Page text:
You may be saying these things innocently. Maybe you *Care* about her, and you want her to look ‘pretty’. The thing is, you’re assuming that your view of what would make her attractive is the same as hers. Every time you ask her to wear a dress, or put on make up, you’re saying ‘you are not enough, the way you look is not something I like. Please change’.

You may not realise it, but every time you make a person feel inadequate, not only is that verbal bullying, but if it’s a trans* person then you’re basically triggering off dysphoria. Stop obsessing over these makeover shows, you have no right to dictate how a person looks.

So the question is, but how will I know if I’m going to cross the line ? Fair question. You’ll know if you pay attention. Is your friend always in pants? then assume that they’re not gonna wear a dress. If they want to wear a dress, then they will. They don’t need you to tell them.

Same with make up, same with skirts, same with contacts vs. glasses, same with hair length.

Unless the person comes to you for advice, don’t give it.

What is ‘Non-binary’ Anyway?

ImageWell, most people (and you were probably also raised to think this way) believe that gender is either male or female. 2 genders. Therefore, binary. However, gender is more complex than that.

First off, gender and sexuality have nothing to do with one another. Sexuality is who you would be attracted to, and gender is who you ARE. Then you also have gender expression, which is how one chooses to express their gender, this may or may not be in the traditional way. For example, I may identify as female, but I express my female-ness through strength. Note how I didn’t say ‘femininity’. Femininity and masculinity are cultural concepts. What is feminine in one culture would not be feminine in another.

Anyway, second: Gender is a spectrum. A simplified explanation of this can be found in the image above. This means that gender isn’t just black or white, male or female. There are varying degrees of ‘male’or ‘female’. And where you fall on this spectrum is your binary gender.

Some people however (including myself) do not fall anywhere on this spectrum. We feel non-binary. There isn’t really a way to explain how this feels, but just as someone may feel and identify with male, or female, I identify as non-binary. It’s what makes sense to me, and makes me feel at ease.

Non-binary is an umbrella term, with various other identities, such as third gender (a gender other than male or female).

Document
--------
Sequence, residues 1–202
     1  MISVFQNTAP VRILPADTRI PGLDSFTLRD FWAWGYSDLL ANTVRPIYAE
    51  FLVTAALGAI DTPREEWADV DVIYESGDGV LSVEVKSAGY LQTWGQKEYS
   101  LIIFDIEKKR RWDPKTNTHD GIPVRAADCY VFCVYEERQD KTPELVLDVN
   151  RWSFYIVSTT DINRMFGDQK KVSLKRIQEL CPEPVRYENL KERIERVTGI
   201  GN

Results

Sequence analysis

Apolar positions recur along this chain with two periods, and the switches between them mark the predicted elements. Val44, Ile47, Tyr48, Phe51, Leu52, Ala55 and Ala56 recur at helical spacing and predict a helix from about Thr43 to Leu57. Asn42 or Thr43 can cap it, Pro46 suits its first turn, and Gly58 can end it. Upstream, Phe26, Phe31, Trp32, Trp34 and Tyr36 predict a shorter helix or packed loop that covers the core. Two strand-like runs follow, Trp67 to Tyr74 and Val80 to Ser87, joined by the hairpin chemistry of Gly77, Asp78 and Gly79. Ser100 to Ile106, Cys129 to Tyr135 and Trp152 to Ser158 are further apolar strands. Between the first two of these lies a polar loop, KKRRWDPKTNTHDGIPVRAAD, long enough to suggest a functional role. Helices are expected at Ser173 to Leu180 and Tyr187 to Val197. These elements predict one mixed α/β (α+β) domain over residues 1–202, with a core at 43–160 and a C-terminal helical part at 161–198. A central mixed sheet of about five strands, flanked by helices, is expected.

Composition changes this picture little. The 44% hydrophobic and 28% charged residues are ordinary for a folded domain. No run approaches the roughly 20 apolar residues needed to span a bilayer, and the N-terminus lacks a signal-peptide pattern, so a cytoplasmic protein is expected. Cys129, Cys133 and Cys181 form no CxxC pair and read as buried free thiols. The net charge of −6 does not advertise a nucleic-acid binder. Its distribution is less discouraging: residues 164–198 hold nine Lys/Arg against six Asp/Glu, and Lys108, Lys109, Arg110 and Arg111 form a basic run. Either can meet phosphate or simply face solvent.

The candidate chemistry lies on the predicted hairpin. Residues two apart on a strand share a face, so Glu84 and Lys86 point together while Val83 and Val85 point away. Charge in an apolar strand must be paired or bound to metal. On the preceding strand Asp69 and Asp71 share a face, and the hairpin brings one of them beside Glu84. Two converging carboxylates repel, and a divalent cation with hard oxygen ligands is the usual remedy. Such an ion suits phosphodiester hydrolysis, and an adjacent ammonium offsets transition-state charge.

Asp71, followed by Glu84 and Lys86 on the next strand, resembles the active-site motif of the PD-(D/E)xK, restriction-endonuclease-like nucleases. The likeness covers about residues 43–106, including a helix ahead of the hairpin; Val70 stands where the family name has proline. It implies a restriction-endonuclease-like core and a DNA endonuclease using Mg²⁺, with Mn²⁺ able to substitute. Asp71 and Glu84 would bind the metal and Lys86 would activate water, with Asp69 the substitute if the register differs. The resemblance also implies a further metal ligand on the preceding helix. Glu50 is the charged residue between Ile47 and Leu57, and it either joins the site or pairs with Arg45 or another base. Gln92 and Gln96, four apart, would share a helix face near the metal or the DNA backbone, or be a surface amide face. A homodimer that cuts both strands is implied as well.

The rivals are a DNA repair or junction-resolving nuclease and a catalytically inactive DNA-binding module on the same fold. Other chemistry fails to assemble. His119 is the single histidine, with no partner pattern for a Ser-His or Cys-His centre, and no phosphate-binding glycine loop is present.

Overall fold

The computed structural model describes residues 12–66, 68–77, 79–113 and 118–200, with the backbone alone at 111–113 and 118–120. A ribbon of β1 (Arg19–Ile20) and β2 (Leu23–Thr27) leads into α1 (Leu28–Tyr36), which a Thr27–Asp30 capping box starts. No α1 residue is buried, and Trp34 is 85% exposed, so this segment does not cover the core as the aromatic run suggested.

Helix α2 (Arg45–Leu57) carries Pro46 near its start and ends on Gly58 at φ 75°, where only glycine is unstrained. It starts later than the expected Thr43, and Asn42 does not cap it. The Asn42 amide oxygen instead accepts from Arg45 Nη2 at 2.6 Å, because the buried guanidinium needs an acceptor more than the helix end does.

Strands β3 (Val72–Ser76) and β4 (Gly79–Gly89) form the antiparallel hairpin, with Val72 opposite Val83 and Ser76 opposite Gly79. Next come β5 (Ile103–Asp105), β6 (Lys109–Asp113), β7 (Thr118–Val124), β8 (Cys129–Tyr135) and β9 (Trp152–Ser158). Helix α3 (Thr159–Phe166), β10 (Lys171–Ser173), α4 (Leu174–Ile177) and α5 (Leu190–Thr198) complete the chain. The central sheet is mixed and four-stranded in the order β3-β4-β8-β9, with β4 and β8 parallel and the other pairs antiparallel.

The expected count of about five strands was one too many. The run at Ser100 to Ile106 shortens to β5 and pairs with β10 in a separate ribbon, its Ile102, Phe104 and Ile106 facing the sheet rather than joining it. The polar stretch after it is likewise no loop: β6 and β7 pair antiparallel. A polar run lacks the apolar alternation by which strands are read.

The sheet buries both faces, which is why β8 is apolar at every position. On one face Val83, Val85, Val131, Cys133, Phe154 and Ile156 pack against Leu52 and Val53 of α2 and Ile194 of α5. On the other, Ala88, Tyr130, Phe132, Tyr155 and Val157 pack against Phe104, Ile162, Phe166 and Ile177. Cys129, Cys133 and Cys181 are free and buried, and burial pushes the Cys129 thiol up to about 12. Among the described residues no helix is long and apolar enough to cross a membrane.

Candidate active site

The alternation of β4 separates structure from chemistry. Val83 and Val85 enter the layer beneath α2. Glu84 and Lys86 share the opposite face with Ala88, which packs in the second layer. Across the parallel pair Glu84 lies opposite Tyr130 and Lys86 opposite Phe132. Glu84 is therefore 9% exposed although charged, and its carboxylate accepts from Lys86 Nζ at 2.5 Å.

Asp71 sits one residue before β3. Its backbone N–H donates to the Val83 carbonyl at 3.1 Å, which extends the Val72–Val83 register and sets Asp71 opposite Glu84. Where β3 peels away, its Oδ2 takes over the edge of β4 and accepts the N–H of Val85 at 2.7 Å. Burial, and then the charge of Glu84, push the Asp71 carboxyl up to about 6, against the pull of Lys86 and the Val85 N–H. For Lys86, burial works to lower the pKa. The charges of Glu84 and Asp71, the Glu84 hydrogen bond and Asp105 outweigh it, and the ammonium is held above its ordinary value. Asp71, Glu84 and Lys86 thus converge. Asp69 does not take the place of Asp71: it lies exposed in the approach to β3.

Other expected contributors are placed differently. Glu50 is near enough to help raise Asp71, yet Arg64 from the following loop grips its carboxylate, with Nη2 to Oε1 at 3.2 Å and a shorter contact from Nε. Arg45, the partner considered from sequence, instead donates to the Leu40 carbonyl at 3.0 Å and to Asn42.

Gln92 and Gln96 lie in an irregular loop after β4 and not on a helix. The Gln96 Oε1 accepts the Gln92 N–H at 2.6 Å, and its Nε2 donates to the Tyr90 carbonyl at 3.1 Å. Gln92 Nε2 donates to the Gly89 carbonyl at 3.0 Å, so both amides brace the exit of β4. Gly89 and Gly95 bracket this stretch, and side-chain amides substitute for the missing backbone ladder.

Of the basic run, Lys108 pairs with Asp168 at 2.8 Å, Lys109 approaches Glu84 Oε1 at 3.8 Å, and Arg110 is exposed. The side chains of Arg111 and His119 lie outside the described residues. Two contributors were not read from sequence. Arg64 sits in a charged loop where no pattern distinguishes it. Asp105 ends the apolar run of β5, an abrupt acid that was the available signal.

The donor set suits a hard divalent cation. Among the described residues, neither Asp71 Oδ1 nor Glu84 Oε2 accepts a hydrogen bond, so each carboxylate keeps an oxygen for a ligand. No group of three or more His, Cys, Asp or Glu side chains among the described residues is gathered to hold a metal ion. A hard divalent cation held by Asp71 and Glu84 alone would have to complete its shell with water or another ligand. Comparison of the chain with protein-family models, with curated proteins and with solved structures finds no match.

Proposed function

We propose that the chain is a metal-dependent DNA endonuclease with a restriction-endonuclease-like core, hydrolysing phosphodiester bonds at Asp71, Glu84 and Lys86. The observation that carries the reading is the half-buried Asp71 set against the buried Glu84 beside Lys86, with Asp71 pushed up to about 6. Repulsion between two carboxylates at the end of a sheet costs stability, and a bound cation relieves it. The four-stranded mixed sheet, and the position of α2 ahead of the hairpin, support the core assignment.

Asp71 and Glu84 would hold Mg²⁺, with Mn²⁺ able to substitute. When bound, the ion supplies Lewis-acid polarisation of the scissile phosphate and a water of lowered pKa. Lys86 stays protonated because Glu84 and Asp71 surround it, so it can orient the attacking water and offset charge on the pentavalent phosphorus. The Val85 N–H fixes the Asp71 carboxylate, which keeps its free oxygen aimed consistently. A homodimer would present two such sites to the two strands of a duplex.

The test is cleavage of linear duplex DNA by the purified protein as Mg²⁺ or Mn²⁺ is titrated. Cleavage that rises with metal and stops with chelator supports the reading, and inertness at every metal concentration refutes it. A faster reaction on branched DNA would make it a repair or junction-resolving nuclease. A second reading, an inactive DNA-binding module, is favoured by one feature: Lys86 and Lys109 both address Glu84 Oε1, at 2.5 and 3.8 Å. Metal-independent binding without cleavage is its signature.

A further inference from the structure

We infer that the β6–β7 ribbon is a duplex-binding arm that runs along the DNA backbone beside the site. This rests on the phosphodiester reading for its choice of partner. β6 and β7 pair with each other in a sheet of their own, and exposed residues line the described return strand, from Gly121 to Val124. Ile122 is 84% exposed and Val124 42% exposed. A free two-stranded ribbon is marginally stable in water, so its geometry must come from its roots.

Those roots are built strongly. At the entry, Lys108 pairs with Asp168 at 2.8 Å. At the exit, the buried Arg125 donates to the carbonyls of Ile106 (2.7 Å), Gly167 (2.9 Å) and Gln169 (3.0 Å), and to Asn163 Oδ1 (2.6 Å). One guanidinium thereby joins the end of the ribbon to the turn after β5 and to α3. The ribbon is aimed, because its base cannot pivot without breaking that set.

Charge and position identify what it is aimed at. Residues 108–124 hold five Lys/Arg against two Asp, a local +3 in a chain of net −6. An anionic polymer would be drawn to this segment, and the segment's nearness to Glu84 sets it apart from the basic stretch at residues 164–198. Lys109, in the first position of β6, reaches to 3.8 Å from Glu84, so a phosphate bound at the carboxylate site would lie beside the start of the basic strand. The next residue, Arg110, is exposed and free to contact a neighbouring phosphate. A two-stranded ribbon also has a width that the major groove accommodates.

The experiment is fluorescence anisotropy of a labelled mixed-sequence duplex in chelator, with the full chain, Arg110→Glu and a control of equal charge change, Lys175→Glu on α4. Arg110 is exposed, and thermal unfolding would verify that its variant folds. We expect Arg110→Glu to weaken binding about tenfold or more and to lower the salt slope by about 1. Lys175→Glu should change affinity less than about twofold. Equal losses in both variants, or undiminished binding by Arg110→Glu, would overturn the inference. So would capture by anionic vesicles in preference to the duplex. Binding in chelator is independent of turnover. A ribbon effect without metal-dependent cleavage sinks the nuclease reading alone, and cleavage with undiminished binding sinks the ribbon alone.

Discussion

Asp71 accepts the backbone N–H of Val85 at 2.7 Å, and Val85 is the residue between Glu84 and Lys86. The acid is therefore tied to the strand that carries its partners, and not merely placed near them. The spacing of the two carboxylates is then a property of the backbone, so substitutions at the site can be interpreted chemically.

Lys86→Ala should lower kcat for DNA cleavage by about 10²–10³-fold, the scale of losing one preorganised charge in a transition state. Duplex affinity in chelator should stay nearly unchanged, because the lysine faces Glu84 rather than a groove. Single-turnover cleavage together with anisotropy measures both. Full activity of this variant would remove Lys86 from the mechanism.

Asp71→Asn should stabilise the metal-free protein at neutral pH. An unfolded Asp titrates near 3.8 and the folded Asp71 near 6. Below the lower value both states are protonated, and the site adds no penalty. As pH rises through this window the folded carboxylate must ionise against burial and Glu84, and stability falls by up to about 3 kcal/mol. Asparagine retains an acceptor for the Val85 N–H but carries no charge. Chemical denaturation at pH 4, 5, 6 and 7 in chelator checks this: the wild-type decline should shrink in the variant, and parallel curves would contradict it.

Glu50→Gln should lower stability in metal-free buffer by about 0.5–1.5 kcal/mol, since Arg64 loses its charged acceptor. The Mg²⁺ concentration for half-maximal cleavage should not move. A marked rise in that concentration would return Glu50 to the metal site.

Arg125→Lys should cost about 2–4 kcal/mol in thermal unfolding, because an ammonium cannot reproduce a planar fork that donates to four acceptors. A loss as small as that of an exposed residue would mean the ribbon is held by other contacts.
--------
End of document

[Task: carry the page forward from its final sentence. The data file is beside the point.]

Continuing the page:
Ultimately, your gender is your own, and it’s such a complex thing that labels will not always fit perfectly. It’s like wearing a shirt which is a size or two too big for you. It fits, you can go around with it, but you know its too loose. Still, a shirt which is too big is way better than a shirt which is way too small for you and you just feel constrained.

I’M SO EXCITED!

guys guys guys!

Guess what I found ?!

Ok you may think that this is a regular anal toy…but think again. It’s actually touch sensitive, meaning it will send vibrations to the person wearing it, and these vibrations will change intensity and duration depending on the movement. So fast movement will increase the amount of vibration.

Also, I know it says it’s an anal toy…but doesn’t mean you have to use it that way.

I think this is perfect for transmen and people who were AFAB but identify as non-binary who always desired a penis. Or for women who want to peg their partners and still feel something so they’re not mere observers.

Just go onhttp://bit.ly/1yT8qua and see what other awesome stuff they’ve got! Or search directly for the Ambrosia Vibe!

Things I learnt after being in a relationship for 3 years (and counting)

This is going to be another personal post, so please bear with me. I hope that I can impart some of the things I learnt as a nonbinary person in a relationship with a cis female.


1. Be honest, not afraid

Ok yes this is a cliche. But it’s a true one. Don’t hide your true self because you’re afraid your other half won’t understand or accept you, if they really care about you (and love you) then they’ll do their utmost to understand and accept you as you are. After all, they fell in love with you already, the least you can do is be honest about your feelings and about who you are.

2. Solve fights 

Everyone fights. Frankly, I’m pretty sure you fought with your pet once or twice, so why should a relationship be any different? When you love someone fighting will end up coming naturally. You’ll disagree on whose turn it was to wash the dishes or fold the laundry, you’ll fight because you forgot that they had a really important date planned and you were late.. again. 

The trick to a healthy relationship is what happens after the fight … how well do you solve it? Communication is key. Talk it out with each other, have a good cry, kiss and move on (but make an effort to not make the same mistake twice). If you’re just going to mope about and remain angry with your partner then you’re not really going to achieve anything (except maybe a break up).

3. Laugh

Laughter makes the world go round, it unites people in ways nothing else can. Make your partner laugh as much as possible and they’ll be fooled into thinking that you’re the best thing on this planet. So be silly, dance in the rain, sing at the top of your lungs in the middle of an empty street. These are the memories you want them to cherish.

4. Touch each other as much as possible

Not (just) in the sexual way. Hold hands, hug, kiss, touch their face often. Hugging for long periods of time will release hormones which build the feeling of trust and safety in people. So make use of this trick and get hugging!

Besides, sometimes, words will never be enough, and a touch will be what your partner really needs from you to know you’re there.

5. Family is important, but don’t dwell on it

As most people in queer relationships know, acceptance isn’t easy to come by. While our straight and cisgender counterparts rarely have an issue in the parental/familial department, it is an all-too-often issue in ours. But the thing is, family isn’t everything. Normally your family will want what’s best for you. But the thing is, what they think is best for you is just their opinion. They will see your ‘lifestyle’ as too difficult, and wonder why you can’t just be ‘normal’ and have an easier life. Thing is, life is never easy, so at least you can go through this difficult life with the person you love. 

So respect your family, but don’t let it come between you and the person you love. At the end of the day, you know what’s best for you as well.